Dec 072011
 

On 13 November 2010, Maersk Lancer was to depart from Esbjerg. While taking in the gangway, the lifting wire got stuck in one of the stanchions on the handrail on the gangway.

To get it loose two ship’s assistants entered the gangway and worked with the wire.
When it got loose, the handrail to the shore side fell in a sudden move into stowage position. One of the ship’s assistants lost his balance and fell off the gangway. He was not wearing a safety harness and fall arrest system. He fell approximately 5 metres to the pier.

Denmark’s Maritime Accident Investigation Board notes that the vessel departed earlier than planned and says that “Due to the earlier departure, the Injured Person and the watchkeeping ship’s assistant felt they were in a hurry and under stress… When working on the gangway, the IP normally used a safety harness and fall arrest, but he did not do so on this occasion due to stress and the problem with the lifting wire”.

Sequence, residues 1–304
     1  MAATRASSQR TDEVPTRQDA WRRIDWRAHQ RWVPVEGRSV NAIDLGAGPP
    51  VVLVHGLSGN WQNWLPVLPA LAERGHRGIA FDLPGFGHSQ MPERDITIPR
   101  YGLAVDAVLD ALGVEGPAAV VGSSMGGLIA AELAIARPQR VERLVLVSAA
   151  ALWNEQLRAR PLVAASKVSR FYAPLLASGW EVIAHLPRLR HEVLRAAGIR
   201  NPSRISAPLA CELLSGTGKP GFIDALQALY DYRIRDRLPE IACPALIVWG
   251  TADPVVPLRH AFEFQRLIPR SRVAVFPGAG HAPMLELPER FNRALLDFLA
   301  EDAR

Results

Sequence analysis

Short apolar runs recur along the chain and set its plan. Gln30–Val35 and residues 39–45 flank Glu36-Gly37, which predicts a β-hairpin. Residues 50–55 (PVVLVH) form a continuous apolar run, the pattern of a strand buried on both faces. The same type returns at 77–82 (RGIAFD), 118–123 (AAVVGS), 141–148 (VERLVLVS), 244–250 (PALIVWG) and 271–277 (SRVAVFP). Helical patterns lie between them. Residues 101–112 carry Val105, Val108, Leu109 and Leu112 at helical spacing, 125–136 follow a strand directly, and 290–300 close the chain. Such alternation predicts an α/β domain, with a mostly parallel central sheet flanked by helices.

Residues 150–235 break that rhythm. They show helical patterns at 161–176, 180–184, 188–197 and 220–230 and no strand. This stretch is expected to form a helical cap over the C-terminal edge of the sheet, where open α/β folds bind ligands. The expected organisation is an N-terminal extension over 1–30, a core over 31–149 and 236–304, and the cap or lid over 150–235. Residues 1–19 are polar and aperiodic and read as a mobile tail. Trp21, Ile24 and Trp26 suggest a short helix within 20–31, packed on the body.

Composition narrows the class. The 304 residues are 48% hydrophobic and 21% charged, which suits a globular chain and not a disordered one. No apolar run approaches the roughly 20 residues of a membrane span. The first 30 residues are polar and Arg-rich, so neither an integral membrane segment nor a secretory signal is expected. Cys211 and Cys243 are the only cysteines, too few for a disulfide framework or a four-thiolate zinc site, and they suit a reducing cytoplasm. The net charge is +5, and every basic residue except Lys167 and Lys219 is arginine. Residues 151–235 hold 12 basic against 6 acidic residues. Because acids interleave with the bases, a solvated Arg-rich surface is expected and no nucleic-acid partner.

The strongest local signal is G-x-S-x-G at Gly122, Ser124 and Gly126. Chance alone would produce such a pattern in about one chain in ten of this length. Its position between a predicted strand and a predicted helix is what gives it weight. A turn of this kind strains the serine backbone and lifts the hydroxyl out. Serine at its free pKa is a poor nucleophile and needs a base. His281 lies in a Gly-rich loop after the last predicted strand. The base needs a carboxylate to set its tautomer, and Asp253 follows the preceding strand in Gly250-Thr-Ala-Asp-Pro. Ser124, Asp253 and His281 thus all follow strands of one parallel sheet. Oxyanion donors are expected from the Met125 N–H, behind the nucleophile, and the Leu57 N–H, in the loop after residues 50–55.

That lapse under stress happened because a known problem with the gangway had not been fixed: “Due to a problem with the lifting wire getting caught on an eye of one of the stanchions
on the gangway, the IP and the ship’s assistant had to derogate from normal procedures.
The problem with the lifting wire getting stuck on an eye on a stanchion has occurred frequently on Maersk Lancer and is well known in other supply vessels in the company’s fleet using the same gangway system. The problem is usually solved without any problems”.
Download full report
See also

MV Alpha, Uncontrolled ladder descent Killed 3O

Safety Alert – Avoiding Death On The Gangway

Ever Elite MOB Fatality – Lessons From A Systemic Death

EMS Trader: Hazardous Pilot Rig Led To Fatal MOB

Badly-Made Gangway Could Have Killed

Mar 152010
 
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Not a place to be when over the limit or tired

A Filipino seafarer aboard the car carrier Yohjin died because he did not wear a fall-arrester while arranging stanchions on a gangway at Bremerhaven. He fell 5.5 metres to the quay wall, was still conscious when an ambulance arrived but died a few minutes later and resuscitation efforts failed.

It appears that he had been drinking ashore the evening before and had a high blood-alcohol level. He returned to the vessel at about, two and a half hours before going on duty.

The full report, currently only in German, is available from the Germany’s Bundesstelle für Seeunfalluntersuchung, Federal Bureau of Maritime Casualty Investigation.

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